Kenya’s near presidential election draws fewer voters

Nairobi, Kenya — Fewer Kenyans voted Tuesday in an unusual presidential election that pitted a longtime opposition leader backed by the outgoing president against the brash vice president who bills himself as the outsider. Turnout was just 56% an hour before polls closed, as some voters cited little hope for real change.

The election was considered close but calm. East Africa’s economic center could face a presidential election for the first time. Economic issues such as widespread corruption may outweigh the ethnic tensions that have marked previous votes with sometimes deadly results.

Kenya is a standout with its relatively democratic system in a region where some leaders are notorious for clinging to power for decades. Stability is crucial for foreign investors, the humblest street vendors and troubled neighbors like Ethiopia and Somalia.

The top candidates include Raila Odinga, a democracy campaigner who has been battling for the presidency for a quarter of a century, and 55-year-old Vice President William Ruto, who highlighted his journey from a humble childhood to appeal to struggling Kenyans who long accustomed to political dynasties.

“At moments like these, the powerful and powerful come to the realization that it is the simple and ordinary people who ultimately make the choice,” Ruto told journalists. “I’m looking forward to our victory day.” He urged Kenyans to be peaceful and respect the choices of others.

“I am confident that the people of Kenya will speak loudly for democratic change,” Odinga told reporters. A cheering crowd jogged beside his convoy as he arrived in Nairobi to vote.

To win outright, a candidate needs more than half of all votes and at least 25% of the votes in more than half of Kenya’s 47 counties. No real winner means a second round in 30 days. Attention turned to classrooms and other vote-counting locations across the country on Tuesday night as the paper ballots were inspected one by one.

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Results should be available within a week, but impatience is expected if they don’t come before this weekend. “What we want to avoid is a long period of fear and tension,” said Bruce Golding, who leads the Commonwealth election monitoring group.

Outgoing President Uhuru Kenyatta, the son of Kenya’s first president, broke customary ethnic boundaries and angered Ruto by backing his longtime rival Odinga after their bitter election campaign in 2017. But both Odinga and Ruto have chosen running mates from among the biggest ethnic group of the country, the Kikuyu.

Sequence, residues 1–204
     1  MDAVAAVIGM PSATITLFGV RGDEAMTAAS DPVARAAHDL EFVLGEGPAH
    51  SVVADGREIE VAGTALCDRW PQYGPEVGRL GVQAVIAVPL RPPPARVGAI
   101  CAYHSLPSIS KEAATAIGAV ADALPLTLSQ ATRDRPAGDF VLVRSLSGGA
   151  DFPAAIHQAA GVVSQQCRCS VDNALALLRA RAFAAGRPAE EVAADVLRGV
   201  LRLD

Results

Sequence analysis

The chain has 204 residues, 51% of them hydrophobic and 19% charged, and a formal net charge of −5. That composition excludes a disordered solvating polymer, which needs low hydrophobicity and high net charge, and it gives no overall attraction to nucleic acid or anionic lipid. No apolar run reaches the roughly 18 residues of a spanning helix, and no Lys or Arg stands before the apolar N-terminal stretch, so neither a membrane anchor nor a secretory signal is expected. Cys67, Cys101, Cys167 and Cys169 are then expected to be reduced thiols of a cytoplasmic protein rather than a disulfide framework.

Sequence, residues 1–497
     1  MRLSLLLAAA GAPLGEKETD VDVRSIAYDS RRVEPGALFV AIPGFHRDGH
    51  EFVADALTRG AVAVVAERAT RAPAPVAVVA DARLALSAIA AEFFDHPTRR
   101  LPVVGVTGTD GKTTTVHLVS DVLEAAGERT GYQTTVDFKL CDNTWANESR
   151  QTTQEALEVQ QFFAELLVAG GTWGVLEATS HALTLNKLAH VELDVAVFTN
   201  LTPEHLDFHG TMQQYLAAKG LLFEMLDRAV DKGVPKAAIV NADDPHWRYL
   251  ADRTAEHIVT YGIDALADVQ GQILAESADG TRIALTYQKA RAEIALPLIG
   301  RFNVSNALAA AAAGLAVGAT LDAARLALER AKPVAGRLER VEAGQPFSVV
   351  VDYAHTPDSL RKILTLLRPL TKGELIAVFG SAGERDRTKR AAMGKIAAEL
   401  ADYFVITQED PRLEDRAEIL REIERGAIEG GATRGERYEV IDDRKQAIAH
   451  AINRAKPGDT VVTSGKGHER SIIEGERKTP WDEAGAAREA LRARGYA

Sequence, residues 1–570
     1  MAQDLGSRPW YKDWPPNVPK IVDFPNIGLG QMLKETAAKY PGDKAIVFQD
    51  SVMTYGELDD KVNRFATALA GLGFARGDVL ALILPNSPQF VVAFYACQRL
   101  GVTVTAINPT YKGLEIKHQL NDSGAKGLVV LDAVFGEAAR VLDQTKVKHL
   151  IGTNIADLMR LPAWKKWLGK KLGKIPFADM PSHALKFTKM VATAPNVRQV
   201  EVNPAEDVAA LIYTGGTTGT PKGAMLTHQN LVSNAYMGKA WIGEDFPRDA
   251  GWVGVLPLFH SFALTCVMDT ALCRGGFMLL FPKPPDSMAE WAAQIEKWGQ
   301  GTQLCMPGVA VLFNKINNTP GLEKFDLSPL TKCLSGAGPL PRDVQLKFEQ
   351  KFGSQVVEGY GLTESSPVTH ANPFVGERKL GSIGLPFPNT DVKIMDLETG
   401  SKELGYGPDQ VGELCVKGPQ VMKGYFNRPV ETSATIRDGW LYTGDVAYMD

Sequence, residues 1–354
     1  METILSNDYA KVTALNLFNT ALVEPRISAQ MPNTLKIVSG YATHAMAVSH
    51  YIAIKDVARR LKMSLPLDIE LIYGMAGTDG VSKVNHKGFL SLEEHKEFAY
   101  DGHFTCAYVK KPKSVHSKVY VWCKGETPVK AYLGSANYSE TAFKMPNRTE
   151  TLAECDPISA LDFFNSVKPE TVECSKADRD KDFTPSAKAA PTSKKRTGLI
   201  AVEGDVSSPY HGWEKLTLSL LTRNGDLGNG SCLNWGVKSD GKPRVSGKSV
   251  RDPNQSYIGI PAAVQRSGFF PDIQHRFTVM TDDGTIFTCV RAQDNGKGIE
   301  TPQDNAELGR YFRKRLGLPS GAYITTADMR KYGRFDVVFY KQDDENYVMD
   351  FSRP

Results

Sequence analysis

Odinga, 77, made history by choosing running mate Martha Karua, a former justice minister and the first woman to run for the deputy presidency. She has inspired many women in a country where female candidates are often harassed.

Rising food and fuel prices, debt of 67% of GDP, youth unemployment of 40% and corruption put economic issues at the center of an election in which unregulated campaign spending highlighted the country’s inequality. But personalities are still important.

“We need mature people to lead, not someone who abuses people. Someone who respects the elderly,” said 55-year-old teacher Rosemary Mulima, who arrived at a polling station on the outskirts of Nairobi and saw about 500 people queuing before dawn. She had “very high” expectations of Odinga on his fifth attempt,

The Independent Electoral and Boundaries Commission estimated that the eventual turnout would be above 60%, much lower than the 80% in the 2017 elections. That would make Kenya’s lowest turnout in 15 or even 20 years. The Election Commission signed less than half of the new voters it had hoped for, just 2.5 million.

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By noon, more than 6.5 million people had voted, or about 30% of the 22 million registered people.

“The problems of (the previous elections), the economy, everyday life, are still there,” said 38-year-old shopkeeper Adrian Kibera. “We don’t have good choices,” he said, calling Odinga too old and Ruto too inexperienced.

Problems were sometimes reported with the electronic voting system, and presidential candidate George Wajackoyah told reporters that some voting kits in his stronghold were not working. Though polls were low, Wajackoyah and his pledges to legalize marijuana raised questions about whether he could draw enough votes to force a second round.

The electoral commission said about 200 voting kits had failed out of more than 46,000, calling it “not widespread” and “normal” for technology to break sometimes.

Kenyans hope for a peaceful mood. Elections can be extremely disturbing, such as in 2007 when the country exploded after Odinga claimed his vote had been stolen and more than 1,000 people were killed. Ruto was indicted by the International Criminal Court for crimes against humanity for his role in the violence, but his case was dropped following charges of witness tampering.

In 2017, the Supreme Court quashed the election results, a first in Africa, after Odinga challenged them over irregularities. He boycotted the new vote and proclaimed himself ‘People’s President’, on charges of treason. A public handshake between him and Kenyatta calmed the crisis.

This is probably Odinga’s last attempt. Ruto and Odinga have said they will accept the official results – if the vote is free and fair. “It is the hope of every Kenyan,” the president told reporters.

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